Death by suicide is a major public health problem in the US and a leading cause of mortality among US young adults. Among persons aged 15 to 54 years, approximately 60% of planned first suicide attempts occurred within the first year since the onset of suicidal ideation.49 People with a suicide plan constitute a psychiatric emergency, because suicide plan is associated with an imminent lethal attempt and a high risk of death.10,50,51 A suicide attempt history is the strongest clinical predictor of death by suicide.4,30 To improve the effectiveness of identifying and intervening with individuals who are at high risk of suicide, it is important to modify the specific risk factors associated with suicidality—including depression, cannabis use, and CUD—and to tailor interventions that are designed for women and other vulnerable populations. Previous studies4,10,12,36,52-54 have highlighted the importance of improving clinical insight and help-seeking and mental health treatment among individuals with MDE or suicidality. Because the prevalence of CUD increases with time since initiation of use among young adults,55,56 our results underscore an urgent need for prevention interventions designed specifically for young people before first cannabis exposure and highlight the importance of early screening for daily cannabis use and CUD as well as CUD treatment, especially among young women.

    Limitations

    This study has several limitations. First, the prevalence of suicidal ideation, plan, and attempt may be underestimated because the NSDUH (1) did not account for people experiencing homelessness but not living in shelters, military personnel on active duty, and institutionalized populations and (2) is a self-reported survey subject to underreporting stigmatized behaviors (eg, suicidality) resulting from social desirability bias. Second, the endorsement of suicidal ideation and plan was based on single questions that could be interpreted differently by respondents. Third, the cross-sectional nature of NSDUH data precludes drawing causal inferences from reported associations. Research based on longitudinal data are needed to further examine and confirm our findings. Fourth, because the NSDUH does not collect data on anxiety and impulse-control disorders, we were unable to examine them; however, these disorders commonly co-occur with depression and CUD.8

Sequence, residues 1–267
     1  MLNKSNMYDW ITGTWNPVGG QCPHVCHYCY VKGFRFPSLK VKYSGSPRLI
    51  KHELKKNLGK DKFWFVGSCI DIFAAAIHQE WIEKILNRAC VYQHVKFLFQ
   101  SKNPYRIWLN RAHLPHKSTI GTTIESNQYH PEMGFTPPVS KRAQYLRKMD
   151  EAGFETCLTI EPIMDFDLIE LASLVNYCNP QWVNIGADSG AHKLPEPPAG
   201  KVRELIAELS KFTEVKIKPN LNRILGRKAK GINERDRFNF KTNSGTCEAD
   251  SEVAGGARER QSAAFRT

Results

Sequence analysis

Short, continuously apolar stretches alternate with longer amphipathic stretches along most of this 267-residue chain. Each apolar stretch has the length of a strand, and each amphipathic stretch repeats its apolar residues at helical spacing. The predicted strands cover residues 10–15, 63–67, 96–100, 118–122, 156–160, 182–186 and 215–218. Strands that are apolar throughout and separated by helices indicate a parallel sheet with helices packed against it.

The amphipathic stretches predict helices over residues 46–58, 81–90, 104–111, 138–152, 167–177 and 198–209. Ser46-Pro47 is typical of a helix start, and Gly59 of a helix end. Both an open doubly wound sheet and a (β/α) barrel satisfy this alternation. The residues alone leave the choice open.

Conclusions

    The results of this survey study indicate that CUD, daily cannabis use, and even nondaily cannabis use are associated with the risks of suicidal ideation, plan, and attempt in both young adult men and women, but significantly more so in women than men. Future research is needed to examine the increase in suicidality and to determine whether it is cannabis use or overlapping risk factors that increase risks for both.

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    Article Information

    Accepted for Publication: April 13, 2021.

    Published: June 22, 2021. doi:10.1001/jamanetworkopen.2021.13025

    Open Access: This is an open access article distributed under the terms of the CC-BY License. © 2021 Han B et al. JAMA Network Open.

    Corresponding Author: Beth Han, MD, PhD, MPH, National Institute on Drug Abuse, National Institutes of Health, 301 N Stonestreet Ave, Building 3WFN Room 09C24, MSC 6024, Bethesda, MD 20892 (beth.han@nih.gov).

    Author Contributions: Dr Han had full access to all the data in the study and takes responsibility for the integrity of the data and the accuracy of the data analysis.

    Concept and design: All authors.

    Acquisition, analysis, or interpretation of data: Han, Compton, Volkow.

    Drafting of the manuscript: Han, Compton, Volkow.

    Critical revision of the manuscript for important intellectual content: All authors.

    Statistical analysis: Han.

    Administrative, technical, or material support: Einstein, Volkow.

    Supervision: Volkow.

    Conflict of Interest Disclosures: Dr Compton reported ownership of stock in General Electric, 3M, and Pfizer Inc unrelated to the submitted work. No other disclosures were reported.

    Funding/Support: This study was sponsored by the National Institute on Drug Abuse (NIDA) of the National Institutes of Health (NIH).

    Role of the Funder/Sponsor: The sponsor supported the authors, all of whom work at NIDA and were responsible for preparation, review, and approval of the manuscript and the decision to submit the manuscript for publication. The sponsor had no role in design and conduct of the study; collection, management, analysis, and interpretation of the data; preparation of the manuscript; and decision to submit the manuscript for publication. The sponsor reviewed and approved the manuscript.

    Disclaimers: The findings and conclusions of this study are those of the authors and do not necessarily reflect the views of the NIDA of the NIH or the US Department of Health and Human Services.